Some sentiment was dented early in the week after a new COVID-19 mutation emerged in the U.K., which resulted in a tough lockdown in London and southeast England, and led a number of countries to block travel from Britain. The mutant variant, dubbed B117, could be up to 70% more transmissible than COVID-19, and has already been detected in the Netherlands, Denmark and Australia. Cause of concern: The number of mutations carried by B117, as well as the speed at which it is supplanting other strains of the virus. Some reassurance: So far there is no evidence that the mutations are affecting the course of the illness in infected patients or the effectiveness of COVID-19 vaccines in development.
On Tuesday, the U.S. Department of Justice filed a civil lawsuit against Walmart (NYSE:WMT) for its alleged role in the opioid epidemic. The retailer was accused of unlawfully filled prescriptions for painkillers that it should have known did not serve a legitimate medical purpose, as well as pressuring its staff to dispense as many drugs as possible. The DOJ wants Walmart to pay billions of dollars in damages, though the company said the case is “riddled with factual inaccuracies and cherry-picked documents taken out of context.” It added that “blaming pharmacists for not second-guessing the very doctors DEA approved to prescribe opioids is a transparent attempt to shift blame.” (48 comments)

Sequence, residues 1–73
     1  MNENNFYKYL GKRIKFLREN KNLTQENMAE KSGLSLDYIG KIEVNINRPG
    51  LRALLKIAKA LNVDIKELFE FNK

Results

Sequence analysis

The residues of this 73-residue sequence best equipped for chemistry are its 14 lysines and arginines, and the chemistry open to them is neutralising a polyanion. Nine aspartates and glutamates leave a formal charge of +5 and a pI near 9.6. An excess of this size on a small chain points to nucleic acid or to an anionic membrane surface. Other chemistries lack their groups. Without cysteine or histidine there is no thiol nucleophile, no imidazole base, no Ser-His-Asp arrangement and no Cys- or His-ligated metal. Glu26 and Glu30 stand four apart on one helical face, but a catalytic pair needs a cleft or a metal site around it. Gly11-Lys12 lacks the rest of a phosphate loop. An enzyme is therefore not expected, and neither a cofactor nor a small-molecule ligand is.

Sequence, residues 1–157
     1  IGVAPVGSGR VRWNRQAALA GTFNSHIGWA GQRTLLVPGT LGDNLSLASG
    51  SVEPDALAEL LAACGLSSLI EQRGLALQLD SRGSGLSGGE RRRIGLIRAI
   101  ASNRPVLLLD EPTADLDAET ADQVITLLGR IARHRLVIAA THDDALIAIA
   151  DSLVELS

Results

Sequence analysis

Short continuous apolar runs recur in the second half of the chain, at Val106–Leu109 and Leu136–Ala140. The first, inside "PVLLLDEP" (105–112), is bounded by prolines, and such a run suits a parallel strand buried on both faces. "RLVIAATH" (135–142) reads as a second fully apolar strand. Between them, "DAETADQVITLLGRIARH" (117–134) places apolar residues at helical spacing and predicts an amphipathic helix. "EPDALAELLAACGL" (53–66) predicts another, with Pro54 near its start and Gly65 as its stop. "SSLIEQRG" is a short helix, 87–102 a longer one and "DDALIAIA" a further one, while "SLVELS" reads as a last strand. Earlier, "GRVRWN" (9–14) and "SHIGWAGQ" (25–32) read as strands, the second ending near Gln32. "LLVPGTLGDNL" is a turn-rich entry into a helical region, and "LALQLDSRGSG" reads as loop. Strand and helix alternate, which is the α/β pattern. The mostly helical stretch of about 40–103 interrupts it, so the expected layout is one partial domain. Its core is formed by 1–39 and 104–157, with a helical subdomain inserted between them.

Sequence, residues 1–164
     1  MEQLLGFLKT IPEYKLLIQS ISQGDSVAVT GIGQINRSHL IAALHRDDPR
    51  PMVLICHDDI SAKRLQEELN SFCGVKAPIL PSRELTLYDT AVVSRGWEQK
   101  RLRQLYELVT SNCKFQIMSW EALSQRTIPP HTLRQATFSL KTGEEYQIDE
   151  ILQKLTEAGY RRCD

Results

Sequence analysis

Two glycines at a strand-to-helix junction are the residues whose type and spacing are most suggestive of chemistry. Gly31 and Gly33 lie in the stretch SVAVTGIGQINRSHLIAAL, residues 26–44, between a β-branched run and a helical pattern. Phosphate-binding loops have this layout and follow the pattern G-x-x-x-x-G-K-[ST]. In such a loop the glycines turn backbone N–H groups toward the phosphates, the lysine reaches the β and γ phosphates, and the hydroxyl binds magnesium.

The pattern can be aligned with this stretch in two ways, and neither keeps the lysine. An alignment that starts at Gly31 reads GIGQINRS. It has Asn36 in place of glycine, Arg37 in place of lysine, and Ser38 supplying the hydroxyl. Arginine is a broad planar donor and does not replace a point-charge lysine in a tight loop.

Apple’s (NASDAQ:AAPL) Project Titan is not only alive, but plans to produce an electric passenger vehicle with “breakthrough battery technology” and self-driving capabilities by 2024, according to an article published by Reuters. The news saw AAPL shares close in on all-time highs on Tuesday, before falling back, while shares of EV maker Tesla (NASDAQ:TSLA) initially spun lower on the report.Backdrop: Project Titan has been moving in fits and starts since 2014, when it began to design its own vehicle from scratch, but reverted back to a software push at one point and reassessed its goals. It remains unclear who would assemble a possible iCar, but sources have said they expect Apple to rely on a manufacturing partner. (530 comments)
China goes after its biggest tech company
The country’s top market regulator launched an investigation into Alibaba (NYSE:BABA), just a month after stopping its sister company Ant Group from going public, in what would have been the world’s largest IPO. The State Administration for Market Regulation is looking into suspected anti-monopolistic behavior by Alibaba, like forcing merchants to sell exclusively on its platform, triggering shares of the e-commerce giant to slump as much as 10% on Thursday. Following a broad crackdown on Big Tech across the globe, Beijing has in recent months increased its scrutiny of its local tech groups, but this was the most aggressive action of regulators thus far. Recent rumors also suggest Jack Ma offered to give parts of Ant Group to the Chinese government.